New Zealand's hotels are operating at close to capacity thanks to a tourism increase, and the country's government is seeking foreign capital to open new properties before the boom goes bust for lack of room.
New Zealand Trade and Enterprise is leading a global search for funds to invest in the sector. The initiative, codenamed Project Palace, will try to sell hotel projects to investors in Asia, the Middle East, pockets of the United States and Europe.
Head of capital at the agency, Quentin Quin, said staff around the world would target a slice of an estimated $73 trillion investment capital. It was working with the Tourism Industry Association, MBIE and Tourism New Zealand. "We've got major constraints in Queenstown, Christchurch, Rotorua, Auckland and we have had Wellington on that list as well, although the forecasts for future builds suggests the constraint will be unlocked," he said.
Quin said that staff in New Zealand were working with local groups and regulators to ensure proposals were "shovel ready" before being promoted around the world. Hotels, he added, could cost up to $200 million to build.
New Zealand's Numbers
Last week, Tourism Industry Association chief executive Chris Roberts said that the trend in commercial guest nights reflected growth in the tourism sector.
Statistic New Zealand's Accommodation Survey shows that national guest nights for February were 7 percent higher than in February last year. The company's business indicators senior manager Neil Kelly said that guest nights had been rising for about two years, and that all 12 regions saw more guest nights for February and all four accommodation types had more guests.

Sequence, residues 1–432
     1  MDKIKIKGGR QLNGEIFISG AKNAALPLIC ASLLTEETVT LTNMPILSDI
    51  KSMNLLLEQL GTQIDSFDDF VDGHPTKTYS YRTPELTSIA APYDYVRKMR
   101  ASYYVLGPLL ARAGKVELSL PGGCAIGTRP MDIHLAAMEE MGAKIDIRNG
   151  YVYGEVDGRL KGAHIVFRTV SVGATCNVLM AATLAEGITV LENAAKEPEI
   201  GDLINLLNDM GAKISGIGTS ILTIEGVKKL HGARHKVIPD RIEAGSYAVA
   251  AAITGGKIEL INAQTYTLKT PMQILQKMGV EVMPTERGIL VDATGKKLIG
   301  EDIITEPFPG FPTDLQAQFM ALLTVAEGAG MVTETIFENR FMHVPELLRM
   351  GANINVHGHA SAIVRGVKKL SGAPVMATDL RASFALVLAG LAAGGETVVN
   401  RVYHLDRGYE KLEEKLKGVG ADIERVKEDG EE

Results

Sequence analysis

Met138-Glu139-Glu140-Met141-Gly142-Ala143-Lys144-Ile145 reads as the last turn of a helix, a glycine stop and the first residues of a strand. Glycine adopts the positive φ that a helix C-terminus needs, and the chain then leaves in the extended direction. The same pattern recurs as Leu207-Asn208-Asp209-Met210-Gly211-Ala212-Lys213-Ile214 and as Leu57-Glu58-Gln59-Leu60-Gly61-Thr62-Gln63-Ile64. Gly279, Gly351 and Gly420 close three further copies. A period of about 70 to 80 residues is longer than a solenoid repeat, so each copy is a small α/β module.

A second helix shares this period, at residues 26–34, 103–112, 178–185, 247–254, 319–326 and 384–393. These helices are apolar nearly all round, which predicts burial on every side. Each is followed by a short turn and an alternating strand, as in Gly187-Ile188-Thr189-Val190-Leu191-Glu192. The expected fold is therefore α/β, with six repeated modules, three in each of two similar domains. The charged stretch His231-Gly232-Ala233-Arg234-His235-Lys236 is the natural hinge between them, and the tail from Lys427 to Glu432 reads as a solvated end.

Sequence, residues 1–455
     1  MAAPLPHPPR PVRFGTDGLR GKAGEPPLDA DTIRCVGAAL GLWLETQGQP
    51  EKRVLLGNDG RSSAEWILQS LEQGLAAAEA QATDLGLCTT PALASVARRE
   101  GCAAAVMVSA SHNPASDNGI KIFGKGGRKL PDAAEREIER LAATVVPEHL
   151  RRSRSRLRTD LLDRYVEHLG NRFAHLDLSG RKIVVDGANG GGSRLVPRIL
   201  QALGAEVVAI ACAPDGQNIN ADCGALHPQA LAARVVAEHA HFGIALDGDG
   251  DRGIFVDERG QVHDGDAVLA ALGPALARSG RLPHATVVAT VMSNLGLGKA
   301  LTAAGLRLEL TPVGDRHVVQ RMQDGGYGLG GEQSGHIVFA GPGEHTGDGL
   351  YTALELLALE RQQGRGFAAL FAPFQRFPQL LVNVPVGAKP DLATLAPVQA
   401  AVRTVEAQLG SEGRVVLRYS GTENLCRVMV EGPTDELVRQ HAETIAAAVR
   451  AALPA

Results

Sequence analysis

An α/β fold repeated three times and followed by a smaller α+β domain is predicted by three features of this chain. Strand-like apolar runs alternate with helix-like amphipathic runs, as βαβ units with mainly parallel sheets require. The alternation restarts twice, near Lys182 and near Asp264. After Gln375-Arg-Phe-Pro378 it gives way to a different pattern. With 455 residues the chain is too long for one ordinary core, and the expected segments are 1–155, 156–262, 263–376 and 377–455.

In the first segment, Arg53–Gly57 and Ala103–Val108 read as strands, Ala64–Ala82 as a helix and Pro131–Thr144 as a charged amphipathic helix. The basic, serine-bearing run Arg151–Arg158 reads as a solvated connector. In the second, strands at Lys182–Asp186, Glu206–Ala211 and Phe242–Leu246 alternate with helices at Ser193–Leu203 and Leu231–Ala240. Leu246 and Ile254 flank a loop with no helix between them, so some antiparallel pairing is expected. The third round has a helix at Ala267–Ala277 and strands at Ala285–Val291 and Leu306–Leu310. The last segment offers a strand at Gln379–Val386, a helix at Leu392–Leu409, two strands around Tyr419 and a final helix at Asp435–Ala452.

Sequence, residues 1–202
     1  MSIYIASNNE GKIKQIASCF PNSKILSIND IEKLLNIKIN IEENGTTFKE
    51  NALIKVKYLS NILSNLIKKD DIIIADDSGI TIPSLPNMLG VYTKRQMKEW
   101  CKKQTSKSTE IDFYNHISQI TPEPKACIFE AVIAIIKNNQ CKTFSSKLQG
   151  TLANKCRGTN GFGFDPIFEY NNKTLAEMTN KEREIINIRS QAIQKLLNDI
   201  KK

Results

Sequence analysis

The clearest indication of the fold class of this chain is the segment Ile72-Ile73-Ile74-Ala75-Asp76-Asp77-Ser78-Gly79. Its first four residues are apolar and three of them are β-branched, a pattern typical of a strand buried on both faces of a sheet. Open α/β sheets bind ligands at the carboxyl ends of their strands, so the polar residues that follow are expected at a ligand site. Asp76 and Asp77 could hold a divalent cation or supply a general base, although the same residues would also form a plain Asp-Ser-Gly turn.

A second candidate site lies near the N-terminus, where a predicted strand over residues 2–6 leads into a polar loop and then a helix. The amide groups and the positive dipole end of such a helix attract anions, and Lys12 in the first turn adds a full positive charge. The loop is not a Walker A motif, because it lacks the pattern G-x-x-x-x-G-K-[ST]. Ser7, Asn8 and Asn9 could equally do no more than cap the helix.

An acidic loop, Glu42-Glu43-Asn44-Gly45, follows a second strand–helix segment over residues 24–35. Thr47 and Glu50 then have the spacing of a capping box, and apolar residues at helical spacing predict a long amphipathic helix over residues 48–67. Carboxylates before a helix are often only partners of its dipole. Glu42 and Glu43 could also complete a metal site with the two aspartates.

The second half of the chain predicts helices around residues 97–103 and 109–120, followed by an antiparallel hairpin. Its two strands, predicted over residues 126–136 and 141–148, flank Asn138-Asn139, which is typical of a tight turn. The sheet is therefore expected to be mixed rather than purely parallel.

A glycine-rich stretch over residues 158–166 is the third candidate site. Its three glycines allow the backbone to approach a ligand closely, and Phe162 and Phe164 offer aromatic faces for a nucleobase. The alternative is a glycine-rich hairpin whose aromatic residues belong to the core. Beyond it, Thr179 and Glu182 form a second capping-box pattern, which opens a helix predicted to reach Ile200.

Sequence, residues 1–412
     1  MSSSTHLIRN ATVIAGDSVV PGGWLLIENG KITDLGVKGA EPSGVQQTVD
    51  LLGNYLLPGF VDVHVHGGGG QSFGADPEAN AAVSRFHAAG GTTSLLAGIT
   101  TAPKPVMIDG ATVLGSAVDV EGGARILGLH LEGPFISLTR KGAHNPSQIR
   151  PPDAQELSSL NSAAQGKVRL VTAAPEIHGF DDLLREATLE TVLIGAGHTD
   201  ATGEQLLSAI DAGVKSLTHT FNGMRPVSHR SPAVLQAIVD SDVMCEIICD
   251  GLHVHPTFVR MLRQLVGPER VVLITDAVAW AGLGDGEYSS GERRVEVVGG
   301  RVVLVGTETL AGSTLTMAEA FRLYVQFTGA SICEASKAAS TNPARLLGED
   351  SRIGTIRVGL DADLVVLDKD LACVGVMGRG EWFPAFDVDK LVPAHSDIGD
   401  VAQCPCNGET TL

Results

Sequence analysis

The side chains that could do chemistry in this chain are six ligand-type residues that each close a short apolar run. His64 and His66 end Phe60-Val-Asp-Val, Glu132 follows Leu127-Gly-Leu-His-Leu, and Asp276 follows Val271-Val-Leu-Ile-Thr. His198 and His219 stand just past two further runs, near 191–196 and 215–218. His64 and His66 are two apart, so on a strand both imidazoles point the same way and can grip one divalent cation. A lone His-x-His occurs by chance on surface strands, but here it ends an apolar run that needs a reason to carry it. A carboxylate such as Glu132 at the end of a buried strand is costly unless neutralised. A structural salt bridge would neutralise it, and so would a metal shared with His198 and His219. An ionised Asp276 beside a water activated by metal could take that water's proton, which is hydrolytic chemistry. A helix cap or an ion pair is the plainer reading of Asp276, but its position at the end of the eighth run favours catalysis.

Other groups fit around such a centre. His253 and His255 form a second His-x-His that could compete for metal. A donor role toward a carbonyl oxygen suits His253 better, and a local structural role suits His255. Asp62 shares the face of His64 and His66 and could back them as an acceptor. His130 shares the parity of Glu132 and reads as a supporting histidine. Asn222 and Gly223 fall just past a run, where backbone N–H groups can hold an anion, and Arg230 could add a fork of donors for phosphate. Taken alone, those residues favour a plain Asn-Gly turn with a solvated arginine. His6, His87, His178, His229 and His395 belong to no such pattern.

Compared to last year, North Island guest nights in February were up 6.5 percent, and South Island guest nights were up 7.8 percent. A TIA hotel sector survey of three- to five-star hotels showed in March average occupancy was 88 percent across the country and over 90 percent in Auckland and Queenstown. Roberts said that a year-round occupancy of 80 percent is seen as a "sweet spot" for a hotel to reach, to generate good returns and allow for reinvestment and improvements.
As of February, overall national guest nights had increased 5.2 percent year-over-year.
"We need to plan with how we can cope with growth in the long term," Roberts said, emphasizing that while the industry needs an increase in investment, growth must be managed carefully. "We don't want a cycle of boom-and-bust," he said. "We want supply to stay just ahead of demand."
China to the Rescue?
Prime Minister John Key may have some particular investors in mind. Key is leading a 40-strong delegate trade mission in China focusing on upgrading New Zealand's free trade agreement with the country, and is reportedly presenting investment opportunities to China's "heaviest hitters."
At a Chinese business networking event in Beijing, answered questions about improving trade between the two nations. "We're a fast-growing economy, we want to to develop great international relationship and we also want to have a higher standard of living," Key said. "We fundamentally don't have enough private-sector capital of our own to fund that growth."